Our observation site to see the release is called "Gravel Pit", and certainly lives up to its name. The area is essentially a large plot of rocks and land on the side of a small cliff. It is touted as the best place to see the rocket takeoff. That is, if the fog disappears.
I'm somewhere in the depths of Vandenberg AFB in Southern California, and I'm about to witness the launch of NASA's InSight lander. The spacecraft is scheduled to travel to space on top of an Atlas V rocket, the first United Launch Alliance vehicle. The mission will mark the first time that NASA has launched a spacecraft to another planet from the west coast. And it's also the first time I've seen a launch from California.
The rocket is supposed to be a few miles in front of him. I, but I can not distinguish anything. The nearby marine layer that forms off the coast of California has crawled inland, and it feels like you are standing in a dense cloud. At 4 AM, he makes a spooky scene here at the well. The darkness is closing around us, and the temperature of the fog seems to keep falling. Some flood lights illuminate the area, but we can not see beyond a hundred meters.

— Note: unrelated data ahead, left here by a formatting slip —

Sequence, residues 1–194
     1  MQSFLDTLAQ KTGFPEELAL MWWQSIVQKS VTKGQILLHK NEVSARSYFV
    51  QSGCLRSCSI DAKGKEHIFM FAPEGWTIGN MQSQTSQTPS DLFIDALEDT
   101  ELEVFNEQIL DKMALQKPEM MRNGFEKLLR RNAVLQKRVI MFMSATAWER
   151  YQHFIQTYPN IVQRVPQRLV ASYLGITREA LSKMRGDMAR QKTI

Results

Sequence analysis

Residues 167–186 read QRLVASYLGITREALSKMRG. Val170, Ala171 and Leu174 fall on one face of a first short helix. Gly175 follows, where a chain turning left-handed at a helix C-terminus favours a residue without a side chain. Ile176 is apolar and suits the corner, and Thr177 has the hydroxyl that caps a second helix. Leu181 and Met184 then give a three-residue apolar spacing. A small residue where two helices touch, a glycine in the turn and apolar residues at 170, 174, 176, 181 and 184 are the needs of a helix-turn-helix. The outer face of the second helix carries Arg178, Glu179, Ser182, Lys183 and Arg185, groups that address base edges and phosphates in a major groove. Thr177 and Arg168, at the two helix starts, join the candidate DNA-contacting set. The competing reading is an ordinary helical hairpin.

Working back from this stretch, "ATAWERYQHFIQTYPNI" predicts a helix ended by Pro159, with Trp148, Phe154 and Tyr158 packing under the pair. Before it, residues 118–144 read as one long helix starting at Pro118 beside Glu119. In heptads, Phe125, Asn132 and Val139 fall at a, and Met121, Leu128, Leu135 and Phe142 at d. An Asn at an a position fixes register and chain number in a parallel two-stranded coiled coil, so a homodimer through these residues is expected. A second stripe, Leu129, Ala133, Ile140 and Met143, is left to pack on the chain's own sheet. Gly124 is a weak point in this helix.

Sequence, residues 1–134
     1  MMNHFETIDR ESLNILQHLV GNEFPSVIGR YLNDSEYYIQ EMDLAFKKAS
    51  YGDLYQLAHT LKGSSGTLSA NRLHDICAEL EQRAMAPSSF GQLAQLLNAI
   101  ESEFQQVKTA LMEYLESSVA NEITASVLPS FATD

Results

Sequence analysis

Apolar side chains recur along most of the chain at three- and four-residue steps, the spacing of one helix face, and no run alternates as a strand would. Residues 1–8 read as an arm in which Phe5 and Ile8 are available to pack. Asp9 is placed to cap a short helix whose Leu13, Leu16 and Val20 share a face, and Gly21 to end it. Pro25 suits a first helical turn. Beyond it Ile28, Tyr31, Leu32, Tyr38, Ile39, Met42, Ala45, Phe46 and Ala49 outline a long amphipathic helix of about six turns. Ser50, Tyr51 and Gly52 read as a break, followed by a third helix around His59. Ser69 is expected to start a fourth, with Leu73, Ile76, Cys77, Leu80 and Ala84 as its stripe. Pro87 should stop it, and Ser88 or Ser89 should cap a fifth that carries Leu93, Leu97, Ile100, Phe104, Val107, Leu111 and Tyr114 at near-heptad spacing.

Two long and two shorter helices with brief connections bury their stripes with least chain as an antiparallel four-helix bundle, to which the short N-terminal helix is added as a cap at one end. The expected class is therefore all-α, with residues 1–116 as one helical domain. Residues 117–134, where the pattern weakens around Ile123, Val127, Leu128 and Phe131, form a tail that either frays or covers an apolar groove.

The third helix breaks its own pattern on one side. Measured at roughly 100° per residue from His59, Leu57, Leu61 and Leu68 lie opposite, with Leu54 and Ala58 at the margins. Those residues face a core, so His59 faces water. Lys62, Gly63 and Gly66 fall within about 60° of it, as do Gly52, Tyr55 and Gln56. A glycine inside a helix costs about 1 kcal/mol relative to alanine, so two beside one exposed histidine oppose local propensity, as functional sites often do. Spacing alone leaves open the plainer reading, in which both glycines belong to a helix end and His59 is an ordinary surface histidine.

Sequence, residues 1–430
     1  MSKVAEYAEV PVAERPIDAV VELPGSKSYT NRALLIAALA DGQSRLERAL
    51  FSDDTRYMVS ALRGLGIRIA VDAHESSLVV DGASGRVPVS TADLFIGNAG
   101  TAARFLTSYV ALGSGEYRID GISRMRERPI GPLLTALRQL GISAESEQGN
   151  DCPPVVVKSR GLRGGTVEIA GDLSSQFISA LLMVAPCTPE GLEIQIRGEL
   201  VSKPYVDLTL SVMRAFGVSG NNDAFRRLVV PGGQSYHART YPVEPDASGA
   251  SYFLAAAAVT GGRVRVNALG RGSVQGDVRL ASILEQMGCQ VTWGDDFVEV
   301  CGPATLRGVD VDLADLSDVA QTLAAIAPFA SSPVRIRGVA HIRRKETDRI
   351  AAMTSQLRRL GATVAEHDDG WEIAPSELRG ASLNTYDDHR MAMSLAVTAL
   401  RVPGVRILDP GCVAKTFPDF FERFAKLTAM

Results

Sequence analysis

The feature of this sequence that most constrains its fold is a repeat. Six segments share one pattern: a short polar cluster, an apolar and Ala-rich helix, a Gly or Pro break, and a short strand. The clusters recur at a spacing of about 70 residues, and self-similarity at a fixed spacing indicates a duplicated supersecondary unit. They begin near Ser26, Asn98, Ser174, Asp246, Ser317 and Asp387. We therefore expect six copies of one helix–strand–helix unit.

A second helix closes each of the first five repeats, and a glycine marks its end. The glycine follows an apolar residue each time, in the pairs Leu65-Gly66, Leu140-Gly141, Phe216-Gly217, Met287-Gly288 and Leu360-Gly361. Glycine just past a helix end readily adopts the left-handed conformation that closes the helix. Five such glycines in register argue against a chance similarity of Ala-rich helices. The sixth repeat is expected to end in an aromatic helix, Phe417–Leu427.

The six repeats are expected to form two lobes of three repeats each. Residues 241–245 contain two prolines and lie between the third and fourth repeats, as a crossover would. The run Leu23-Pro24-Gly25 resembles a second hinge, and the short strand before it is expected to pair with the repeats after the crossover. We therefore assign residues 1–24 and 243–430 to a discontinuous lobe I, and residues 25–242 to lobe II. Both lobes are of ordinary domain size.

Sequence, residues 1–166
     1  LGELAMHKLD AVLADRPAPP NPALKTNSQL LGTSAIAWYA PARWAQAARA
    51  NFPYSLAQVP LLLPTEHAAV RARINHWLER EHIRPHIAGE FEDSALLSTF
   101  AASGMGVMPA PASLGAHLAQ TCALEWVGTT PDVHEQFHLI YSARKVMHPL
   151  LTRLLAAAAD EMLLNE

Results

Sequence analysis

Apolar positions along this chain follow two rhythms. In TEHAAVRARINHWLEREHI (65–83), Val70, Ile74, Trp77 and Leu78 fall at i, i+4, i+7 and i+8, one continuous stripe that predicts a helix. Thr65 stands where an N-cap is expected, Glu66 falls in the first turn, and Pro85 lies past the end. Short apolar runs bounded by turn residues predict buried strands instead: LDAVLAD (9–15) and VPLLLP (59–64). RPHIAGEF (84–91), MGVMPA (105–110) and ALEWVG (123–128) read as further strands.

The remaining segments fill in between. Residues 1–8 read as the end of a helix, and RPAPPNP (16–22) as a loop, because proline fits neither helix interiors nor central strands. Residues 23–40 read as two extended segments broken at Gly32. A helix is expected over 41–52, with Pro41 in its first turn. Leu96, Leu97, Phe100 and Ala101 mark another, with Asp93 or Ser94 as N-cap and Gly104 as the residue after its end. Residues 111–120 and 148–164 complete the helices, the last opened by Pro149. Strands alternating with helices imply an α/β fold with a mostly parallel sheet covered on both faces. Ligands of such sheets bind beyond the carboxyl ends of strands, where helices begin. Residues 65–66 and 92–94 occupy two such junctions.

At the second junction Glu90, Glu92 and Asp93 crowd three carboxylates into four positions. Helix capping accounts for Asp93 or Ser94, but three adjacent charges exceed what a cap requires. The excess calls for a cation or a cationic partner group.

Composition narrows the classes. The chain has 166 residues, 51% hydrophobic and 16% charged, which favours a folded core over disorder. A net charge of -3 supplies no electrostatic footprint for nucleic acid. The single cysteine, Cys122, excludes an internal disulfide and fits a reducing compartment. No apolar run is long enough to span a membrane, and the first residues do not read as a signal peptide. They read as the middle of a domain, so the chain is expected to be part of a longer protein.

I'm with a large group of journalists and videographers, all of whom are clustered on the side of the cliff, hoping to get a good shot of the rocket We have been warned that the fog may be too thick to see the launch, but I have hopes. All the launches I've seen before have created a blinding light that almost burns my eyes. Surely, the light of the rocket ignition will cross the clouds, I think.
In a short time, the final countdown is upon us. Thanks to a speaker mounted on a nearby trailer, we can hear the flight controllers in control of the mission saying that all systems are ready to go. "Go to Atlas, go to the Centaur, Go InSight!" Produce the controllers, referring to the rocket, its upper stage and payload. An ovation breaks out in the crowd. The flood lights are off so we can get the best view for our cameras, and in the background we hear the last countdown: "Five … four … three … two … one …"  To see what our visual experience was like, watch the video above. Without a doubt, it turned out to be a mission that I will not forget.